Crop production (NAICS code 111), e.g., agricultural 
workers; greenhouse, nursery, and floriculture workers; farmers.
     Animal production (NAICS code 112), e.g., cattle ranchers 
and farmers, dairy cattle farmers, livestock farmers.
     Food manufacturing (NAICS code 311), e.g., agricultural 
workers; farmers; greenhouse, nursery, and floriculture workers; 
ranchers; pesticide applicators.
     Pesticide manufacturing (NAICS code 32532), e.g., 
agricultural workers; commercial applicators; farmers; greenhouse, 
nursery, and floriculture workers; residential users.
    This listing is not intended to be exhaustive, but rather to 
provide a guide for readers regarding entities likely to be affected by 
this action. Other types of entities not listed in this unit could also 
be affected. The North American Industrial Classification System 
(NAICS) codes have been provided to assist you and others in 
determining whether this action might apply to certain entities. If you 
have any questions regarding the applicability of this action to a 
particular entity, consult the person listed under FOR FURTHER 
INFORMATION CONTACT.

B. How Can I Access Electronic Copies of this Document?

    In addition to accessing an electronic copy of this Federal 
Register document through the electronic docket at http://
www.regulations.gov, you may access this Federal Register document 
electronically through the EPA Internet under the ``Federal Register'' 
listings at http://www.epa.gov/fedrgstr. You may also access a 
frequently updated electronic version of EPA's tolerance regulations at 
40 CFR part 180 through the Government Printing Office's pilot e-CFR 
site at http://www.gpoaccess.gov/ecfr.

[[Page 15931]]

C. Can I File an Objection or Hearing Request?

    Under section 408(g) of FFDCA, any person may file an objection to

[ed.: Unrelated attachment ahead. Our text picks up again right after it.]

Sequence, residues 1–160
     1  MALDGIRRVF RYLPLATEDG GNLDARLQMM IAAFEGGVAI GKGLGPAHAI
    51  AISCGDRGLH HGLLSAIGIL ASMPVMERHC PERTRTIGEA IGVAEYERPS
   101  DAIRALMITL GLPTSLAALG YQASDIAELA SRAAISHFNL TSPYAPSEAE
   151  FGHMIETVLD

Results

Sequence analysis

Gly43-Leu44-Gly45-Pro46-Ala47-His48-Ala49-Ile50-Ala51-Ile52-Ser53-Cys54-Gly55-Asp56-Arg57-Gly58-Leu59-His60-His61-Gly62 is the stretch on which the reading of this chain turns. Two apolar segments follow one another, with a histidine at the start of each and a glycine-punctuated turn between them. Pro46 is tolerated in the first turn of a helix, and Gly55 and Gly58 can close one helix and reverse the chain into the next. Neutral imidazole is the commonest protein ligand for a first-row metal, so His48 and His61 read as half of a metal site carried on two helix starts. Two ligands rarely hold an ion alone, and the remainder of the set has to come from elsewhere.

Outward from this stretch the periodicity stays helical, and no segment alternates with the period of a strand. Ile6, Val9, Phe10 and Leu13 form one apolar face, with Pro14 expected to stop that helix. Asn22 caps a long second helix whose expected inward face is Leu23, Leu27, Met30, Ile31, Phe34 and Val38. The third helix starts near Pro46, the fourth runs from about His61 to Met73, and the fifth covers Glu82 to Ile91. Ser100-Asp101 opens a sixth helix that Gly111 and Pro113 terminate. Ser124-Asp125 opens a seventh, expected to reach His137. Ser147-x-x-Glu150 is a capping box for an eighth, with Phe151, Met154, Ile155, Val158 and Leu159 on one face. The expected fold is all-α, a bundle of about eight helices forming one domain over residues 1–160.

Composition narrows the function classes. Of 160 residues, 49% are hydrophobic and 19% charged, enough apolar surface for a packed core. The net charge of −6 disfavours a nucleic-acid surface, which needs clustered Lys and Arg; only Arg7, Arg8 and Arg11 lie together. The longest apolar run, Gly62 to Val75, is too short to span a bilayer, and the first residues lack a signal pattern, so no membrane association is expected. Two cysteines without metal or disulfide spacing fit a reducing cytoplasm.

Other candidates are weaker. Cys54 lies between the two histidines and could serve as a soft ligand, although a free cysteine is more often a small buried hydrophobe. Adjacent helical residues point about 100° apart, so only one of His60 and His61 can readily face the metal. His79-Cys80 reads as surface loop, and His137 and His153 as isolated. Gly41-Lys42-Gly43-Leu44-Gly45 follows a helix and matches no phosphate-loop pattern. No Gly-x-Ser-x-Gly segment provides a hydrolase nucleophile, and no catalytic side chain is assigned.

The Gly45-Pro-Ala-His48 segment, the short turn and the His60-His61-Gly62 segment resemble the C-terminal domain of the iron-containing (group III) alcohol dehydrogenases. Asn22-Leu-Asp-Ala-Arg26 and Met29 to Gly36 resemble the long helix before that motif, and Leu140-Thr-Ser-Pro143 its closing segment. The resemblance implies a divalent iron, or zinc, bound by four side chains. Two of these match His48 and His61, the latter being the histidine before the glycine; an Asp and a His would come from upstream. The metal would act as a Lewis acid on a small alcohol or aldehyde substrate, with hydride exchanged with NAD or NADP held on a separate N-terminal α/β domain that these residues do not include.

any aspect of this regulation and may also request a hearing on those 
objections. You must file your objection or request a hearing on this 
regulation in accordance with the instructions provided in 40 CFR part 
178. To ensure proper receipt by EPA, you must identify docket ID 
number EPA-HQ-OPP-2007-0107 in the subject line on the first page of 
your submission. All requests must be in writing, and must be mailed or 
delivered to the Hearing Clerk as required by 40 CFR part 178 on or 
before May 27, 2008.
    In addition to filing an objection or hearing request with the 
Hearing Clerk as described in 40 CFR part 178, please submit a copy of 
the filing that does not contain any CBI for inclusion in the public 
docket that is described in ADDRESSES. Information not marked 
confidential pursuant to 40 CFR part 2 may be disclosed publicly by EPA 
without prior notice. Submit this copy, identified by docket ID number 
EPA-HQ-OPP-2007-0107, by one of the following methods:
     Federal eRulemaking Portal: http://www.regulations.gov. 
Follow the on-line instructions for submitting comments.
     Mail: Office of Pesticide Programs (OPP) Regulatory Public 
Docket (7502P), Environmental Protection Agency, 1200 Pennsylvania 
Ave., NW., Washington, DC 20460-0001.
     Delivery: OPP Regulatory Public Docket (7502P), 
Environmental Protection Agency, Rm. S-4400, One Potomac Yard (South